A PACKED bus crashed into an oil tanker in southern Pakistan early yesterday morning, killing 57 people and leaving their remains charred beyond recognition.
Dr Seemi Jamali, who heads the emergency section at Jinnah Post Graduate Medical Centre in Karachi, where the remains were taken, said they had received 57 bodies. Four other people were injured, she said.
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The hospital would have to carry out DNA tests to identify the victims, she added.
The bus was en route to the town of Shikarpur from the southern port city of Karachi when the collision occurred along a stretch of dilapidated road.
Mir Mumtaz Hussain Jakhrani, the minister of transportation for Sindh province, said the crash had happened when the bus hit an oil tanker about 31 miles outside Karachi.
A relative of one of the victims said his sister and two uncles and their families had been on board the bus. “A total of nine members of my family were on board and nobody survived,” Abdul Hafeez said.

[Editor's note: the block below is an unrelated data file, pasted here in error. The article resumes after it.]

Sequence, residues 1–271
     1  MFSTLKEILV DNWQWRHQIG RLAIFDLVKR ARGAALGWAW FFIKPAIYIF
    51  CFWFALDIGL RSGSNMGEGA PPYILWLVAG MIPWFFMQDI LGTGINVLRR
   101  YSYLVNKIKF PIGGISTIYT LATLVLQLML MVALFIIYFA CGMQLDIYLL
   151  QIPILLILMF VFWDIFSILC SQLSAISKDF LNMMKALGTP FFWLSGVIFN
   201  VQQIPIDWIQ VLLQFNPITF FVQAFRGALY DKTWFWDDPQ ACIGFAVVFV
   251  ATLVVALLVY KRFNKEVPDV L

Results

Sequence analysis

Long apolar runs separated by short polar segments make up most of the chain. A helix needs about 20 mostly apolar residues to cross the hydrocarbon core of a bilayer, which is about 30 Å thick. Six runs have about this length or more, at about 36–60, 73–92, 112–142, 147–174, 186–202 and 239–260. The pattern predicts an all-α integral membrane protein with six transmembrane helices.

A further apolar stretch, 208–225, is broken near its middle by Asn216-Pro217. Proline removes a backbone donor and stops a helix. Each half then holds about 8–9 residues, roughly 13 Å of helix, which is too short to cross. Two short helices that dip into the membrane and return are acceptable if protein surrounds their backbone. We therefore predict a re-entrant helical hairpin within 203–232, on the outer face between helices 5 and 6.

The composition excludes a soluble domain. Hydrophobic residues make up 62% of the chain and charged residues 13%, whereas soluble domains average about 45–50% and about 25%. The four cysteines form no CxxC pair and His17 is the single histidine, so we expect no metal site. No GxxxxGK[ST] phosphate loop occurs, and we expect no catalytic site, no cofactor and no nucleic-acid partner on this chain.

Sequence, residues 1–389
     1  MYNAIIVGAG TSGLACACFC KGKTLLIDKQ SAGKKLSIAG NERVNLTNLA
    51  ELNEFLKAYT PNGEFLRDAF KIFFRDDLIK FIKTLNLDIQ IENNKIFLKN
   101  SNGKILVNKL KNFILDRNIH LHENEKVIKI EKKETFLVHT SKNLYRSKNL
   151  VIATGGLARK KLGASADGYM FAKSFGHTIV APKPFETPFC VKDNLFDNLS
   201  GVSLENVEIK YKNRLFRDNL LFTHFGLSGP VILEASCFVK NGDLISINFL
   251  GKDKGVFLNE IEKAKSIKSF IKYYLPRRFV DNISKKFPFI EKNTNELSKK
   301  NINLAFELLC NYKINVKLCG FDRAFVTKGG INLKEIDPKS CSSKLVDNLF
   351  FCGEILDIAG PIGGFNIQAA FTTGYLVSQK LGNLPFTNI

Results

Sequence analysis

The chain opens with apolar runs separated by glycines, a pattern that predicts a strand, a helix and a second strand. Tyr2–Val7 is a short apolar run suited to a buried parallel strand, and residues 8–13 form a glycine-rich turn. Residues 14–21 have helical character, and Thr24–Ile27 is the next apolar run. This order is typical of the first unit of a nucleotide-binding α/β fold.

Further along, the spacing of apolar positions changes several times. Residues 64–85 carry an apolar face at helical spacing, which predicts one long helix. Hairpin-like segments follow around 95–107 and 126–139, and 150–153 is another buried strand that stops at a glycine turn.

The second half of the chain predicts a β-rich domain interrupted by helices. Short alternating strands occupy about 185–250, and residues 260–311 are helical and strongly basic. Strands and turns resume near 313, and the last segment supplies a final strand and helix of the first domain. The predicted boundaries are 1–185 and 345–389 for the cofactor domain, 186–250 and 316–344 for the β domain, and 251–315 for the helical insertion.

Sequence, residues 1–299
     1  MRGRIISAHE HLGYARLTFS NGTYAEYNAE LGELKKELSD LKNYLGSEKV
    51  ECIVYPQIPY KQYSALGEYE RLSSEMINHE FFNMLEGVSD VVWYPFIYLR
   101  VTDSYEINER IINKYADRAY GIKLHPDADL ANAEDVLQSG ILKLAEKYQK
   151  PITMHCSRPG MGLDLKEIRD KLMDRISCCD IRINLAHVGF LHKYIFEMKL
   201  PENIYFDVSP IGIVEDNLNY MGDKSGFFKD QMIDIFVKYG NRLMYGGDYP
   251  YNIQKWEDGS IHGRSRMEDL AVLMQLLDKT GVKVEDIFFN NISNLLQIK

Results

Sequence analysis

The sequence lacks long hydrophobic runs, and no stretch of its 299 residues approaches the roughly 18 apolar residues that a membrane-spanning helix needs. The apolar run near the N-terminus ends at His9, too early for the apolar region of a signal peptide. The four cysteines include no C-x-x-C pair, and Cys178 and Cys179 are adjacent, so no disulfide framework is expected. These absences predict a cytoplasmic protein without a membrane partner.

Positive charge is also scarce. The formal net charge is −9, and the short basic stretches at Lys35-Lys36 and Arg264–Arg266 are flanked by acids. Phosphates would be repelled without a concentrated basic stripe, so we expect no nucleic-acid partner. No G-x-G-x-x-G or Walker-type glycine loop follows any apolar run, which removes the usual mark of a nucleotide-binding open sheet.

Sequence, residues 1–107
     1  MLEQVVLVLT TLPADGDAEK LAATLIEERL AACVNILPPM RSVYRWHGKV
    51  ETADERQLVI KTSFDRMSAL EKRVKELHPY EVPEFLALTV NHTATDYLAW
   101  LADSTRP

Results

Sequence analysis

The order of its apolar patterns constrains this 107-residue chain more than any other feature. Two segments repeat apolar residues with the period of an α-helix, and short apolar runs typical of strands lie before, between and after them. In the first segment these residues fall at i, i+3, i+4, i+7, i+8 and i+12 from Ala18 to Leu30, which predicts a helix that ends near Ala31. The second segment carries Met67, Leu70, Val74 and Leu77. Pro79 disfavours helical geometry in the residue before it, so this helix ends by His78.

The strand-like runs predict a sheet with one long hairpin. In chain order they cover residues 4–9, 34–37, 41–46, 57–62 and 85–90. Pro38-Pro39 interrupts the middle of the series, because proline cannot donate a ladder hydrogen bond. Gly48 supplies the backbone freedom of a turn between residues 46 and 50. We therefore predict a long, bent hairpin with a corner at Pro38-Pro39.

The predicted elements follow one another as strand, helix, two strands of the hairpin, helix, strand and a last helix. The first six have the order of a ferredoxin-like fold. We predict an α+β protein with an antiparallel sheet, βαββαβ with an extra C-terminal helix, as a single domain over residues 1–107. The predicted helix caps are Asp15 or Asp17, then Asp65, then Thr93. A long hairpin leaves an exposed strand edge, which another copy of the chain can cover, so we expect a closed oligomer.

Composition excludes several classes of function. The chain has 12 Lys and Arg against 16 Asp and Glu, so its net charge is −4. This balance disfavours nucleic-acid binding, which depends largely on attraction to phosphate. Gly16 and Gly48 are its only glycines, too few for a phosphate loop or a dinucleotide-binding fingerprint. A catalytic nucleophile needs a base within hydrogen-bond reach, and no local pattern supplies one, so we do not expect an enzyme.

The interior of the bus was completely destroyed in the blaze. The victims included women and children.
Senior police official Rao Muhammad Anwaar said: “According to initial reports, the bus hit the oil tanker, which was coming in a wrong direction.
“The bus caught fire after the accident, killing at least 30 people.”
Mr Anwaar added: “We are trying to ascertain if the driver of the oil tanker was solely at fault or whether the bus driver also showed negligence.”
A few passengers escaped unhurt after they jumped out of the bus windows, another police official, Muhammad Jan, said.
Television channels showed live footage from the fiery crash site, where rescue workers were busily evacuating dead bodies and the injured.
It was the second major fatal crash in Sindh province in less than three months.
Pakistan has an appalling record of fatal traffic accidents due to the country’s poor roads, badly maintained vehicles and reckless driving.
The mountainous areas of Kashmir and the north, where drivers career around narrow hairpin bends over deep ravines with scant regard for safety, are particularly prone to accidents, while the condition of roads in the south can also be dangerous.
At least 57 people, including 18 children, were killed in November last year when a bus collided with a goods truck loaded with coal near the town of Khairpur, 300 miles north of Karachi, the capital of southern Sindh province.
The recovery equipment available to Pakistani emergency services is often basic, and when crashes happen away from major towns, rescue efforts can take some time, often reducing injured passengers’ chances of survival.
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